Guest Commentary: My Experience With the Student Athlete Advisory Committee


Natalie Washuta, one of the captains of the Colgate women’s lacrosse team, expresses her appreciation for the opportunity to be a Division I lacrosse player and a member of SAAC. 


It is neither the number of goals, nor the number of assists I average per game (while this would probably make coach very happy). It is not the number of caused turnovers I created on defense or the number of turnovers I might have had on offense.

3.8 is a badge of honor. 

3.8 is the percentage of female athletes who make it to the Division I level to play lacrosse, according to a 2017 study conducted by the NCAA. It is also a reminder that being a student-athlete at a school like Colgate is an incredible opportunity and privilege, one which many people only dream about. 

Often times, when student-athletes talk about their experiences, they reference stories of glory, comeback wins and championship games. Other times, they talk about the 5 a.m. alarms that pulled them from their dreams and warm blankets, conditioning sessions that numbed their legs and double-overtime defeats that resulted in immense anguish. There are millions of moments in between these highs and lows that go unnoticed; many people don’t realize that a two-hour practice can suddenly take up four hours of your time, once you factor in pre-practice treatment on your ailing body,  and film sessions to analyze plays and strategies. Time becomes something we dream about having more of, and being a student-athlete, as well as member of the Student Athlete Advisory Committee (SAAC) at Colgate, it is something I never wish away.

Coach always reminds us that we are only as strong as our weakest link. It is a mentality that breeds a culture of commitment and dedication to something bigger than ourselves, as it is imperative to maintain relationships and build chemistry on and off the field with every player on the team. In our locker room and out on the field, we constantly reiterate that we are “26 strong,” and with the time I have spent on SAAC, I have come to realize that the committee itself is “46 strong.”

As SAAC gathers together to discuss team updates, achievements and setbacks, there is a realization that each member that sits on the committee knows more about what it takes to be a leader, what it takes to win games and most importantly what it takes to be a part of an athletic culture that thrives on comradery and a willingness to make the future of Colgate athletics even brighter. Throughout each meeting, we come together and bring forward ways to bond the athletic community and allow the student-athlete experience to thrive. Breaking up into smaller groups, we are able to facilitate honest conversations and strategize new ways to foster more positive relationships between teams, amongst individual student-athletes and with the Colgate community in general.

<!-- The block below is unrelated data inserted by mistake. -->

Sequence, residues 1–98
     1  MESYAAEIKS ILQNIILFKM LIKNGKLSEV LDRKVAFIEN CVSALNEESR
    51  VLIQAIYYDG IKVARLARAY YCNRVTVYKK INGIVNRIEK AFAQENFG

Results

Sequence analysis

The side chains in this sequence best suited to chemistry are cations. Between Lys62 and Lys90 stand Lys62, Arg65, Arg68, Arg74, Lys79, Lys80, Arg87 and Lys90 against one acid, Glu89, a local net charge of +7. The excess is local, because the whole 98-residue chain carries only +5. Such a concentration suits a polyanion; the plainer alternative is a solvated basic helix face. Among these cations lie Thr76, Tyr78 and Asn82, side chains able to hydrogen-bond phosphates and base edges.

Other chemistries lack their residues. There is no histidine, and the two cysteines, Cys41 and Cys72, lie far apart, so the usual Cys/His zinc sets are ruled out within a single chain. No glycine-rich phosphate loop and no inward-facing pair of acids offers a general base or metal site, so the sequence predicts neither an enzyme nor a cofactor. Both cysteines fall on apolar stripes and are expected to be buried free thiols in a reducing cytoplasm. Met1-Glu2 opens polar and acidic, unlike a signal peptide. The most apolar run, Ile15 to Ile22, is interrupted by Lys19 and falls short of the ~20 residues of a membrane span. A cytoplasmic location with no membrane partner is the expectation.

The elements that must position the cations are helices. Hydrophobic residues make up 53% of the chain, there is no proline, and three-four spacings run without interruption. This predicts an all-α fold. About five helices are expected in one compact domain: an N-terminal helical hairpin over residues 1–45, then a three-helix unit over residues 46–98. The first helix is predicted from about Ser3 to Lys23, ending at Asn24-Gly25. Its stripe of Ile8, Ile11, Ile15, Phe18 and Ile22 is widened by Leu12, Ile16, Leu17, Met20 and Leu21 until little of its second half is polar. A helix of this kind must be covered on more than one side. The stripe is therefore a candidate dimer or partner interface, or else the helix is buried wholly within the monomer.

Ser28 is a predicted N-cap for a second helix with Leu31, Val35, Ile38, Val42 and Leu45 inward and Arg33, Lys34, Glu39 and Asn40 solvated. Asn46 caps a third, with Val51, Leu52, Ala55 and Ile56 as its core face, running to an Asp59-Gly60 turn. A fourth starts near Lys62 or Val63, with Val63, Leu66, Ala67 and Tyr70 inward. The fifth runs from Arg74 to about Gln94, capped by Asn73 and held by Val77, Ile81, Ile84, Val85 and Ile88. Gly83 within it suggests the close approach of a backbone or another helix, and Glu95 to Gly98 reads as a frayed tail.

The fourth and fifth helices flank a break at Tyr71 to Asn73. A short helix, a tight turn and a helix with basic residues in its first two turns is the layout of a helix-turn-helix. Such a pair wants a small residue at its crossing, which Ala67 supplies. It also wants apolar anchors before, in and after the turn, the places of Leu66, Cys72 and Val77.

There is nothing but our own minds limiting us from achieving greatness and turning winning into a mentality for every team. At the close of each meeting, there is a sense of pride that washes over me, and I am sure others feel it as well, as our ideas seem to come together at just the right moment and it feels as though what we do as members of SAAC will positively affect the attitudes, the culture and the individual teams that we each stand to represent.

Our committee’s roster is “46 strong.” We represent each men’s and women’s team on  Colgate’s campus and try to best exemplify the image of a student-athlete overall in order to allow for our athletic community to rise and contest at the highest level of competition.  

Contact  Natalie Washuta at